Below we have picked out the key points for vulnerable and shielded people. Very briefly, the practical outcomes of the document can be boiled down to the following:
1. The amount of contact between people is directly linked to the infection rate.
2. Adjustments will be made to contact and infections assessed, to allow changes to be adjusted as we go.
3. Those who are shielding for clinical reasons must continue to do so ‘for some time yet’; those who are over 70 or pregnant no longer need to shield, but need to be careful.
4. Step 1 takes effect this week:
4a. For the foreseeable future, workers who can work from home should continue to do so. Those who cannot work from home should travel to work only if their workplace is safe (placing onus on employers). Children to not go to school, all need to avoid public transport.
4b. Cloth face coverings now recommended where social distancing not possible (e.g. shops or public transport).
4c. You can now meet one person outside your household as long as you are 2m apart, and can exercise with 1 person outside your household, as many times a day as you want.
4d. You can drive to exercise with members of household, no limits on distance.
4e. Arrivals from outside the UK will be self-quarantined for 14 days.
5. Step two will start no sooner than 1st June and depends on infection rate, etc.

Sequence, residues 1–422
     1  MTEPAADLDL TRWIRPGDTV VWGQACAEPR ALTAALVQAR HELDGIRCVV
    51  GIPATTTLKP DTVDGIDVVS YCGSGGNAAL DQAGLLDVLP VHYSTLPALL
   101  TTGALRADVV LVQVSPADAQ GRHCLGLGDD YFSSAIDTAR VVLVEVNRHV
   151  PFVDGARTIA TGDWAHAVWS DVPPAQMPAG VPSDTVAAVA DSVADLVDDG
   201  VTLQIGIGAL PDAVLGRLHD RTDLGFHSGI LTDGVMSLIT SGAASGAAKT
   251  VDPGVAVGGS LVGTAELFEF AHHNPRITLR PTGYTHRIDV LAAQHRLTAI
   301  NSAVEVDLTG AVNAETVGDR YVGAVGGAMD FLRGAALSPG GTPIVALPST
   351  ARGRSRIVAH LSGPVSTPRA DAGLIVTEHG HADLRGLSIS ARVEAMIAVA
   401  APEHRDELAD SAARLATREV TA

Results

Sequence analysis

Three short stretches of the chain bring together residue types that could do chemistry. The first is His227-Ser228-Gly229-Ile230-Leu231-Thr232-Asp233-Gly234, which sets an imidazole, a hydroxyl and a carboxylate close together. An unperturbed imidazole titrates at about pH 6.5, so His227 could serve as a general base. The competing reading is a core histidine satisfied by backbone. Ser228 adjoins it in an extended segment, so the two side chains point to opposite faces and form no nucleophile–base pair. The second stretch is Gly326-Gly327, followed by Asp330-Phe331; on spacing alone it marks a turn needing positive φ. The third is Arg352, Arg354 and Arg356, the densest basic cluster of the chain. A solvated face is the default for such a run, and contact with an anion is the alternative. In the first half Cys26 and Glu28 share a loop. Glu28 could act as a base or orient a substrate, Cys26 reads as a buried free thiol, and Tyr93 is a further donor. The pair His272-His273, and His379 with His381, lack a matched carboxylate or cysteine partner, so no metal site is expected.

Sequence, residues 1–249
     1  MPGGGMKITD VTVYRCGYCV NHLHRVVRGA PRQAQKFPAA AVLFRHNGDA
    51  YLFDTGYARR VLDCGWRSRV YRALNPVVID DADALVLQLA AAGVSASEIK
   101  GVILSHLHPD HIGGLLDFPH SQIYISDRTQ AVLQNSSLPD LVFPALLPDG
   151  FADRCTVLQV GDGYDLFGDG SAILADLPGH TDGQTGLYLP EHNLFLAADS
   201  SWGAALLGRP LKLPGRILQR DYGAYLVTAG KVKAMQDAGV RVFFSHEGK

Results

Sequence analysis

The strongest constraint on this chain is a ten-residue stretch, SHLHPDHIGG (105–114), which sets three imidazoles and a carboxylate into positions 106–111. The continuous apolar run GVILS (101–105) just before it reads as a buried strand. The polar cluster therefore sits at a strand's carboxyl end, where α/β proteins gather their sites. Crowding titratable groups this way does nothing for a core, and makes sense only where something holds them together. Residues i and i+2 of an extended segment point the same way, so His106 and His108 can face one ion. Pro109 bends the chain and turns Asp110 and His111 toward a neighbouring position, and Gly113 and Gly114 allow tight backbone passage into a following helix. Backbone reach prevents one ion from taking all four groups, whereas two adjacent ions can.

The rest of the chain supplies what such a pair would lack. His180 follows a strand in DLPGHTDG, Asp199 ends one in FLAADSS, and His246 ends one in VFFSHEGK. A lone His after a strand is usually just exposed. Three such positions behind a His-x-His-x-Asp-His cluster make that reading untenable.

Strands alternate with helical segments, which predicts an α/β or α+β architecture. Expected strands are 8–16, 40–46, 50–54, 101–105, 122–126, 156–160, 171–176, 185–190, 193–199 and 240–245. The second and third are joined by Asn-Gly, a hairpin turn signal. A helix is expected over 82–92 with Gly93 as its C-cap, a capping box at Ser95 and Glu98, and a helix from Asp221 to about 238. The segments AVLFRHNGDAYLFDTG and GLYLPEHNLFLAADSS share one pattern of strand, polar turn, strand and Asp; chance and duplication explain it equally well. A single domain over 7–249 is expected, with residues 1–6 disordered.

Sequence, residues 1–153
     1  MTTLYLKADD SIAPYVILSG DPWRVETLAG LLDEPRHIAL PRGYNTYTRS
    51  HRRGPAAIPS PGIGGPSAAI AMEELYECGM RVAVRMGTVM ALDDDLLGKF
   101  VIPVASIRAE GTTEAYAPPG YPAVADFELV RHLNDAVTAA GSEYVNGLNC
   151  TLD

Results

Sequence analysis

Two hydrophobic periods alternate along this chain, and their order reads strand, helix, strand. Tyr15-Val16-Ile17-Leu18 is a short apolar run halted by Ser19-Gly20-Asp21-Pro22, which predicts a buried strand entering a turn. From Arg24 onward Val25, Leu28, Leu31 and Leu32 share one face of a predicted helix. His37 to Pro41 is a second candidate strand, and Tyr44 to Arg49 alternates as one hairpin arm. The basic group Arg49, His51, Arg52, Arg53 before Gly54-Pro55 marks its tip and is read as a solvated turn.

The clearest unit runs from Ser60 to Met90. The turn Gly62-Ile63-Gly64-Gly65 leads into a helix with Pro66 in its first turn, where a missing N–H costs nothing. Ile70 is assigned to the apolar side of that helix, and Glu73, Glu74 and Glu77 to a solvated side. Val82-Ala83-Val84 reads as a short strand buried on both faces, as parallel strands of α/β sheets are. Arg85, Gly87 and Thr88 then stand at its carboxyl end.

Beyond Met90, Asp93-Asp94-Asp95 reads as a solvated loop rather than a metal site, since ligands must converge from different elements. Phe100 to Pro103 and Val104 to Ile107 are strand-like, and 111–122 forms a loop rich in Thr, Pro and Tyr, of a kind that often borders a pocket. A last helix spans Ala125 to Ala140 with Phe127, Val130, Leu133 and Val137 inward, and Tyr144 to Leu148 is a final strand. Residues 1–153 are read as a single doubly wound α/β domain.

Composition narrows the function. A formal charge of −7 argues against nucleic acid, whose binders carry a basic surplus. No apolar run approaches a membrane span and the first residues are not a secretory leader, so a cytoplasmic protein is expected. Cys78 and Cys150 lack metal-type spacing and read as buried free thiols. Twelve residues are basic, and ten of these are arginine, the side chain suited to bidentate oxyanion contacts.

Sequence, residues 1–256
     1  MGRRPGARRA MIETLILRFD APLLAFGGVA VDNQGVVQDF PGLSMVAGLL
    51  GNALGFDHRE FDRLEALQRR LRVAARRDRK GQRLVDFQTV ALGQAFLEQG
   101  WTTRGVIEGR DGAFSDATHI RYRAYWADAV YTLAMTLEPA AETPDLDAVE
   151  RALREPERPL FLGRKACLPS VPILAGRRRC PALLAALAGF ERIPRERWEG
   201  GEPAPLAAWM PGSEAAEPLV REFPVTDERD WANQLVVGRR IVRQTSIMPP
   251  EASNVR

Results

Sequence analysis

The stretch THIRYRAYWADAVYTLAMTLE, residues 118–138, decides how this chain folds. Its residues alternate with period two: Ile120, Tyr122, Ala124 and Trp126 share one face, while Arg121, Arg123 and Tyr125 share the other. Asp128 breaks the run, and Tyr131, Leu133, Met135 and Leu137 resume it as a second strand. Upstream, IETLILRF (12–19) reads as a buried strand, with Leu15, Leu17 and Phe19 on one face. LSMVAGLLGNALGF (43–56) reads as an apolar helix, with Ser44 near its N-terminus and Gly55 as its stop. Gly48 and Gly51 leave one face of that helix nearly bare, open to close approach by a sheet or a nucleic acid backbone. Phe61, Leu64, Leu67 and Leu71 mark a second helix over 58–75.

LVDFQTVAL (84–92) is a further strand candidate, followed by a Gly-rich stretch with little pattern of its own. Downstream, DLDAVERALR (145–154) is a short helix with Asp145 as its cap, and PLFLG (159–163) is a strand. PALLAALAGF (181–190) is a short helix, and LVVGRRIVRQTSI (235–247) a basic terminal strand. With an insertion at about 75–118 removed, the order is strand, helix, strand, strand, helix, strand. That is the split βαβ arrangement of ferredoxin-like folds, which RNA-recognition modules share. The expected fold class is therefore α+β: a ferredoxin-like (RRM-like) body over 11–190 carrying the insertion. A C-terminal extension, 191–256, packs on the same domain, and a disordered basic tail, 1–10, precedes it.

5a. Schools – Reception, Year 1 and Year 6 return to school, and Year 10 and Year 12 will get some face to face teaching to supplement their distance learning.
5b. Non-essential retail (not personal care or hospitality which will likely be in Step 3) will reopen in phases.
5c. Cultural and sporting events behind doors for broadcast.
5d. More local public transport.
5e. Social and family contact – potential for two households to share contact to allow childcare or for more social contact, for example.
6. Step three will see remaining businesses reopen.
We’ve picked a few key points out of the document, with the most vulnerable in society particularly in mind:
Protecting the most clinically vulnerable people
Some people have received a letter from the NHS, their clinician or their GP telling them that as a result of having certain medical conditions, they are considered to be clinically extremely vulnerable. Throughout the next period, the Government will need to continue an extensive programme of shielding for this group while the virus continues to circulate. The Government will also have to adjust its protections for other vulnerable locations like prisons and care homes, based on an understanding of the risk. Those in the clinically extremely vulnerable cohort will continue to be advised to shield themselves for some time yet, and the Government recognises the difficulties this brings for those affected. Over the coming weeks, the Government will continue to introduce more support and assistance for these individuals so that they have the help they need as they stay shielded. And the Government will bring in further measures to support those providing the shield – for example, continuing to prioritise care workers for testing and protective equipment.